This course focuses on the analysis of contemporary theory and research in several areas of perception and information processing. Topics include models of the mind, attention, cerebral specialization, and language.
Memory and Cognition (0.5)
   This course reviews the major theories, issues and methodologies guiding contemporary research in human memory and related aspects of human cognition. Topics include the encoding and retrieval of information, the nature of representations in memory, classifications of memory, and applications to reading and eyewitness testimony.
Learning and Physiology (0.5)
   This course reviews the major theories, issues, and methodologies guiding contemporary research in learning, comparative, and physiological psychology.
Neuropsychology (0.5)
   This course focuses on current developments in neuropsychology. Particular emphasis is placed on the aphasias, apraxias, memory disorders, and disorders of movement.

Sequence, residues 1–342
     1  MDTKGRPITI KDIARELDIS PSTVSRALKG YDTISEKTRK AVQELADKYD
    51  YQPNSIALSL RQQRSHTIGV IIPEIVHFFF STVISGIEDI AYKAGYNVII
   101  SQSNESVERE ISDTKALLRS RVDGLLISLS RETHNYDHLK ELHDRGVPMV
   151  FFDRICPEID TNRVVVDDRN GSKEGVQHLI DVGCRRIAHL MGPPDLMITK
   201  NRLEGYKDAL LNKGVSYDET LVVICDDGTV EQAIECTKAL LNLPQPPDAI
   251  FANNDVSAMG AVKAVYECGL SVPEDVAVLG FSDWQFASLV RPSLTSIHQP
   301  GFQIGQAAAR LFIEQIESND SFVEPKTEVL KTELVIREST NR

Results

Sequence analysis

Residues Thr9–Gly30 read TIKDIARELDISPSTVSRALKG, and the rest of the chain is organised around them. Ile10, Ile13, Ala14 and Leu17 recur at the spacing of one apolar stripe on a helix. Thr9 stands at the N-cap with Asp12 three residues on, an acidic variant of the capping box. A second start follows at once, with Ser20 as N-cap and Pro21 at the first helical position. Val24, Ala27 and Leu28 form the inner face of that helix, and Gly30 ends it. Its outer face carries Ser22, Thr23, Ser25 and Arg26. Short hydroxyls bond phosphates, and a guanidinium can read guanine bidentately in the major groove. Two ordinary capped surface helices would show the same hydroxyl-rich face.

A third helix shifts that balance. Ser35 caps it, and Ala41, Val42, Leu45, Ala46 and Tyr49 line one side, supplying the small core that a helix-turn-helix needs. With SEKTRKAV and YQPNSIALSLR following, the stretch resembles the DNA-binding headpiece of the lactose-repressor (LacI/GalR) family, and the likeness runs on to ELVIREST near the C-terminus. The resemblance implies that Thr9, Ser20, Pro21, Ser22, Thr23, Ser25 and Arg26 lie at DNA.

Human Factors (0.5)
   This course provides an overview of contemporary theory and research in human factors/ergonomics. Topics may include visual performance, information processing, human error, decision-making, mental workload, process control and automation, attention and time sharing, human factors in specific occupational environments, monitoring and supervisory control.
Applied Ergonomics (0.5)
   This course is a graduate course offering in the Department of Human Biology and Nutritional Sciences. The course reviews selected topics in ergonomics from a multi-disciplinary perspective with special reference to understanding the scientific basis of associated data gathering techniques and practising the necessary skills.